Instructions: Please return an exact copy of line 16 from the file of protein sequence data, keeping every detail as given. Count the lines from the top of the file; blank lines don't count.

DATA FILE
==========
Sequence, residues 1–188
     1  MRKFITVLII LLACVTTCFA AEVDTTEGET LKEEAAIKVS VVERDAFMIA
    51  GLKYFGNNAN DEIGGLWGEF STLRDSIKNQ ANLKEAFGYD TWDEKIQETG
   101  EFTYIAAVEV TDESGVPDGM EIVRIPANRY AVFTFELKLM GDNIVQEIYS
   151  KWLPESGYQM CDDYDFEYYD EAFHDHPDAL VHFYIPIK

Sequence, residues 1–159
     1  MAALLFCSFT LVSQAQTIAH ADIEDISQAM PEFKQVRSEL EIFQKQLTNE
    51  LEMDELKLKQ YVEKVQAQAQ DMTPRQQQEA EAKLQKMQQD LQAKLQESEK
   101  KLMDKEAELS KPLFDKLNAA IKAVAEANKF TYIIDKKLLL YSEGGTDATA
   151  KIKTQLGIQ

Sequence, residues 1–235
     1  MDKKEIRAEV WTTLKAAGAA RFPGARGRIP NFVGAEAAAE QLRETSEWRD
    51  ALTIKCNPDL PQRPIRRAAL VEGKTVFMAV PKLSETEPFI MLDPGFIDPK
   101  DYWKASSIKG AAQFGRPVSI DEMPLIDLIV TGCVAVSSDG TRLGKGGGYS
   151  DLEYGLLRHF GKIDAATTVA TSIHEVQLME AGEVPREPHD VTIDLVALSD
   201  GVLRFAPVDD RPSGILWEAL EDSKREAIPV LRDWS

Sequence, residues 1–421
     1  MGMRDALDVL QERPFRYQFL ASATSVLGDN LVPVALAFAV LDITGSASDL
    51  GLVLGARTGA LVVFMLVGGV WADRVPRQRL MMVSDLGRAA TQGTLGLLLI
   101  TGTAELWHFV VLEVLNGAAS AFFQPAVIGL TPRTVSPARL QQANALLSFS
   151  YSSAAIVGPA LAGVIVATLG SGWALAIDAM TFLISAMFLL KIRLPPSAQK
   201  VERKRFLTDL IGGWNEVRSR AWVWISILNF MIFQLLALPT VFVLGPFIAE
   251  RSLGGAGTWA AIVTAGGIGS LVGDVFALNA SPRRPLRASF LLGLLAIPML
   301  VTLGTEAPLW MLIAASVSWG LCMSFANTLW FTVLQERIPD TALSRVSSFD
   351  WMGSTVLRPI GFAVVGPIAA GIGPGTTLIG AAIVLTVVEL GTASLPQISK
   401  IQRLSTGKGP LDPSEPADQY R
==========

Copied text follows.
   201  GVLRFAPVDD RPSGILWEAL EDSKREAIPV LRDWS